Are We There Yet?
Are We There Yet?Driving with No SpareA Muddle Through EconomyAbsent a Policy MistakeMaine and Turks, Etc.By John Mauldin
“… [this economic condition] has been brought about by policies which
the majority of economists recommended and even urged governments to pursue.We have indeed at the moment little cause for pride: as a profession we have
made a mess of things.”•
Friedrich August von Hayek, Nobel Speech 2010 1974Those of us who have taken young children on long road trips to somewhere they
wanted to go are familiar with the plaintive question “Are We There Yet?” As a nationand indeed the developed world, it is not unreasonable to be asking “Are We There Yet?”
about the road to recovery. The NBER, those self-appointed economists who are theofficial keepers of the score sheet of recessions and recoveries, have yet to tell us we areout of recession. Yet the economy is growing. Kind of. Today we look at the most recentdata on second-quarter US GDP (which came out this morning), and even though it isbackward-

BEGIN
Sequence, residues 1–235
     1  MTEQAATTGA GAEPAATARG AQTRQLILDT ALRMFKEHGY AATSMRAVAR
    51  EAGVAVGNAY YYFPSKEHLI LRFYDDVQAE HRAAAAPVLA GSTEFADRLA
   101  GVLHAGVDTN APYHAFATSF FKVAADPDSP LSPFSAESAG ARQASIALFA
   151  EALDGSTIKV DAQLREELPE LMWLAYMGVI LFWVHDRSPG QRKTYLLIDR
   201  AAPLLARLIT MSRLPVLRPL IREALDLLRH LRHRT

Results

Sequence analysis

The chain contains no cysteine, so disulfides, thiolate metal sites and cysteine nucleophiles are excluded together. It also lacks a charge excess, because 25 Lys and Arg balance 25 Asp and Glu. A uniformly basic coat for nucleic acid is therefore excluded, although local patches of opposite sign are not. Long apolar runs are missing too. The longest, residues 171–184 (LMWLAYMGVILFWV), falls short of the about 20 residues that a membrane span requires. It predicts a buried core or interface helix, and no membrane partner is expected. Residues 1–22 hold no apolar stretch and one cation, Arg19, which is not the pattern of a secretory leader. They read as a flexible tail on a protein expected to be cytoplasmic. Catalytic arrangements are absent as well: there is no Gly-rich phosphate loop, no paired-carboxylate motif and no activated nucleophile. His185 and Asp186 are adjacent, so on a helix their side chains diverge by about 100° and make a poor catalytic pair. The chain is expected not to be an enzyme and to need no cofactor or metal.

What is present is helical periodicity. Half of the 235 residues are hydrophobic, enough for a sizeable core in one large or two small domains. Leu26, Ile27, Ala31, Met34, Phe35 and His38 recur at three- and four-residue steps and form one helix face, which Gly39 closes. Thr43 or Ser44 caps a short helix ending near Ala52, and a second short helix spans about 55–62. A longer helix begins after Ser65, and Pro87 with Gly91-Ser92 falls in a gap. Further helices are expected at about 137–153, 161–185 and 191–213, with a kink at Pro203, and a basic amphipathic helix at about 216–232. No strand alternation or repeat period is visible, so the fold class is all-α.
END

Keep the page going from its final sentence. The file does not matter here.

looking data, we’ll see what we can discern that might help us chart thedirection of the future. And then, if there is time, I’ll highlight what is a very serious and
growing problem for our state and local governments. There is a lot to cover and so, with
no “but firsts,” let’s dive in.
Are We There Yet?
The economy of the US grew at a weaker than expected 2.4% in the secondquarter, but the first quarter was revised back up to 3.7% on the strength of stronger-than-projected inventory rebuilding. But the recession years were revised downward rathersignificantly for this late in the cycle. We find now that the recession was worse than wethought, taking the economy down a total of 4.1% during the recession. As of today, weare not quite back to where we started, still down 1%. That means it is quite possible that
we could finish the year and still not be “there yet.” (To see a 1% rise in GDP we wouldneed to see a 2% annualized rise for the rest of the year. We’ll look at that possibil
ity in afew paragraphs.)
Let’s look at a few charts courtesy of the Dismal Scientist, at